Soheil Parsa’s New Adaptation Of The Cherry Orchard Wraps Up

Arsinee Khanjian and Cliff Saunders starring in Chekhov’s The Cherry Orchard directed by Soheil Parsa. (Photo by John Lauener).


By: Varak Babian

Chekhov’s last play, The Cherry Orchard, written in 1903, just one year before his death, is considered his final masterpiece. Like so many of his contemporaries, and many of our own Armenian intellectuals, his death was tragically brought upon by tuberculosis, bringing a halt to both his time on earth as well as the potential contributions he still had to make to the literary canon.

The melancholy nature of his demise seems to add a somber tint to what has long been considered by most, to be one of the most significant classical works of 20th century theatre. Chekhov himself described The Cherry Orchard as a comedy, believing that it reflected the absurd and ridiculous aspects of the human experience in its portrayal of a Russian aristocrat and matriarch returning home after many years abroad, faced with mounting debt and being forced to contemplate the reality of losing the family estate- including an impressive cherry orchard.

Arsinee Khanjian stars as the matriarch, Lyobov, in the Modern Times and Crow Theatre Company’s minimalist adaptation of the Chekhov classic, which recently wrapped up a successful multi-week run at the Streetcar Crowsnest Theatre, located in Toronto’s east end.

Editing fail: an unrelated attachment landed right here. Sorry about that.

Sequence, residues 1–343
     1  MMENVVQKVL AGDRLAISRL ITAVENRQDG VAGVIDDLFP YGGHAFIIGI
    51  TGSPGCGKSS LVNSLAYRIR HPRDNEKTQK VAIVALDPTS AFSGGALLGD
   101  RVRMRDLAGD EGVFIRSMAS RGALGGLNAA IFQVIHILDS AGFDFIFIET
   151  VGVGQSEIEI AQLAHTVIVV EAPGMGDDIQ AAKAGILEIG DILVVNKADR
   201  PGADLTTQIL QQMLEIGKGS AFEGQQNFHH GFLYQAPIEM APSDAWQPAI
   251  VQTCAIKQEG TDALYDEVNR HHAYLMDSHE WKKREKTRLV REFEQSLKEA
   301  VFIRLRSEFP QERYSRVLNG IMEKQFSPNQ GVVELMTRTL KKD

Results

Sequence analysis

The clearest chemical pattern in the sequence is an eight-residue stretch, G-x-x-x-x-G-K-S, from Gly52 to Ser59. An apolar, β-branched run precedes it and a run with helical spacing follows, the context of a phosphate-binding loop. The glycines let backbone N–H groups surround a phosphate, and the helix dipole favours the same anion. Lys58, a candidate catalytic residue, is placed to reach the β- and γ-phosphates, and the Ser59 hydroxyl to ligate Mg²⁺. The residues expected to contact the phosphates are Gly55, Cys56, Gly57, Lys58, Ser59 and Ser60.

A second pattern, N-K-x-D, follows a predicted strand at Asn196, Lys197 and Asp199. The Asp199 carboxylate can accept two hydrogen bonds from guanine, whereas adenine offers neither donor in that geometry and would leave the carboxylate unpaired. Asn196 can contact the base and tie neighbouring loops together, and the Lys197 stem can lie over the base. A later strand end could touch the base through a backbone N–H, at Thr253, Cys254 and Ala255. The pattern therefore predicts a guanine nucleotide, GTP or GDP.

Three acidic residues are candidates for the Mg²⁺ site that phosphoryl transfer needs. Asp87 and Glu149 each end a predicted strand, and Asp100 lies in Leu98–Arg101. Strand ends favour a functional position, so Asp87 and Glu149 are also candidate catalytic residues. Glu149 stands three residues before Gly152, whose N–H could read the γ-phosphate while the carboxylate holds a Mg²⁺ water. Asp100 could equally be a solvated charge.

Khanjian stars alongside Cliff Saunders, playing the role of sibling Leonid Gayev, as a pair of fading aristocrats, without much business acumen. Throughout the piece, they struggle to find an alternative to auctioning off the estate and are forced to deal with transitioning out of their privileged lot in life.

Modern Times and Crow Theatre Company delivered an austere version of the piece, with director Soheil Parsa staging the lush estate and abundant orchards on a simple black set with little to no furniture. The sound designer, Thomas Payne, amplified the expansive mass of the stage with an assortment of foot steps, shutting drawers and more: always in the background, impactful but not overwhelming. All of these creative choices force both the writing and performances into the spotlight, and luckily- both truly delivered.

Lead actors delivered powerful and moving performances, shuttling their audience between peals of laughter and teary eyes with relative ease.

This adaption of The Cherry Orchard thrives by focusing on the meaningful, definitive performances. The surveying of human principles in the text itself, with its themes of cultural futility and the effect social changes has on people, has continued to remain relevant and invoke familiarity more than a hundred years after it was written. That part, I enjoyed the most.